Carson pledges to fight homelessness amid budget cuts

AP PHOTO
In this photo taken April 19, Housing and Urban Development Secretary Ben Carson, left, talks with Sen. James Lankford, R-Okla. in Oklahoma City, Oklahoma.

AP PHOTO In this photo taken April 19, Housing and Urban Development Secretary Ben Carson, left, talks with Sen. James Lankford, R-Okla. in Oklahoma City, Oklahoma.

WASHINGTON — Housing Secretary Ben Carson pledged Tuesday to “work toward a time when no family is without a home” — even as the Trump administration seeks sharp budget cuts that critics say would lead to more people living on the streets. “A man will not beat addiction from a gutter, he will not get psychiatric help underneath a bridge, and he will not find a steady job without a steady address,” Carson said, to applause from a packed ballroom at a conference organized by the National Alliance to End Homelessness.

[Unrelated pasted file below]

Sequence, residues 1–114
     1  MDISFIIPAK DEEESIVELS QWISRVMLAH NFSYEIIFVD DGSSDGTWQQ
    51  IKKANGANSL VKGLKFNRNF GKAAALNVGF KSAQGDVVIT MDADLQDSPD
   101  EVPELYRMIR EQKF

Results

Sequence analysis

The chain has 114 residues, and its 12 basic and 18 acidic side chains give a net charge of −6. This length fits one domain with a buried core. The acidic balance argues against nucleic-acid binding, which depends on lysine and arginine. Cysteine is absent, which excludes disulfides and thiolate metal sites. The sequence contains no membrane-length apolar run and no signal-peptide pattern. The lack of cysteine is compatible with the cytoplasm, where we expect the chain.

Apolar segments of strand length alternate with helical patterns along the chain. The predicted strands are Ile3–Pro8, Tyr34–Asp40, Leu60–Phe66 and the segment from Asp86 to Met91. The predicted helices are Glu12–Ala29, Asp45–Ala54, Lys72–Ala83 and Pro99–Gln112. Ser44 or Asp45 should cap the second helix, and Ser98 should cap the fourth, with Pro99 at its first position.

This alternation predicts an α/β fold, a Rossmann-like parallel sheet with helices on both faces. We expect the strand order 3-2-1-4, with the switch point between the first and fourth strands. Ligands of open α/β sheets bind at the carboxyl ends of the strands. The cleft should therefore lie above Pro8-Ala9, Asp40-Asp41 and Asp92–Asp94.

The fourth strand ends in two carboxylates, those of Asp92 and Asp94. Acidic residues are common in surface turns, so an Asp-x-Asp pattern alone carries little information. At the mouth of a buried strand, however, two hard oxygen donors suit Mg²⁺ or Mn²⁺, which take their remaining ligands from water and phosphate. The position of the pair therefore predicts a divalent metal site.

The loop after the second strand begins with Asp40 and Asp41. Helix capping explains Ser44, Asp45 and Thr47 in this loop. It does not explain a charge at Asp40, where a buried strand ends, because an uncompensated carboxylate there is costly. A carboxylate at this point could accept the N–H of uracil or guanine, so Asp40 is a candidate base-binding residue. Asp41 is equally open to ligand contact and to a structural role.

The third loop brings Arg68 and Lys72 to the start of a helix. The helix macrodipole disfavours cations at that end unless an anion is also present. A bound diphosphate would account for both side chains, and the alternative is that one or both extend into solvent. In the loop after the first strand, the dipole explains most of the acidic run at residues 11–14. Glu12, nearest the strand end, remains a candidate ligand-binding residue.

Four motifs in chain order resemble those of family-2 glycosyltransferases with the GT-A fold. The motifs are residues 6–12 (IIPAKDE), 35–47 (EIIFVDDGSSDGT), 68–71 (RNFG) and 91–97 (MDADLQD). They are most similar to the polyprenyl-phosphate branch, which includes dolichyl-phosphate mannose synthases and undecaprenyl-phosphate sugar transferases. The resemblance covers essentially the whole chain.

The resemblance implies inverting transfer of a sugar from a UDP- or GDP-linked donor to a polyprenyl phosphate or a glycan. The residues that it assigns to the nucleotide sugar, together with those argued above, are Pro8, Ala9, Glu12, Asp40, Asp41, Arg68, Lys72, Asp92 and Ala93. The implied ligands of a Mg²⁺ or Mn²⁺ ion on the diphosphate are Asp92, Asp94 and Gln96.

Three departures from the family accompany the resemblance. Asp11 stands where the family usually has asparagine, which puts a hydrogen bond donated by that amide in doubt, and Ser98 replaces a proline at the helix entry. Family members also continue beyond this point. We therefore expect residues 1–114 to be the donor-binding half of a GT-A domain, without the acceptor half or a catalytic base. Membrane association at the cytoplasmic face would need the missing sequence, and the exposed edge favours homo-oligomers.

Consider the enormous costs of emergency room care, the potential danger and money for extra policing, he said. “It actually saves public resources if we first provide housing, and work with people from there.”

Spokesman Raffi Williams said Carson will make homelessness a top priority at the Department of Housing and Urban Development.

Carson, a conservative Republican who challenged President Donald Trump for the GOP nomination last year, spoke as Congress considers Trump’s budget for fiscal year 2018 — a plan that calls for cutting about $7 billion from the $48 billion HUD budget. That includes cuts to homeless assistance grants and a reduction of nearly $1 billion to Section 8 rental assistance, which helps about 2.2 million low-income families afford housing. The Trump budget also would eliminate funding for the U.S. Interagency Council on Homelessness.

While promising to fight homelessness, Carson drew on his own experience as a doctor to suggest that government assistance shouldn’t become a way of life, either — an analogy that drew heckles from one woman in the audience.

Carson said doctors don’t let people with curable diseases sit in hospitals after months, or years. “They’re not doing their job. In the same way, we cannot be satisfied to throw resources at services that merely subsidize homelessness. We need to cure it … and find a permanent home, and permanent healing,” Carson said.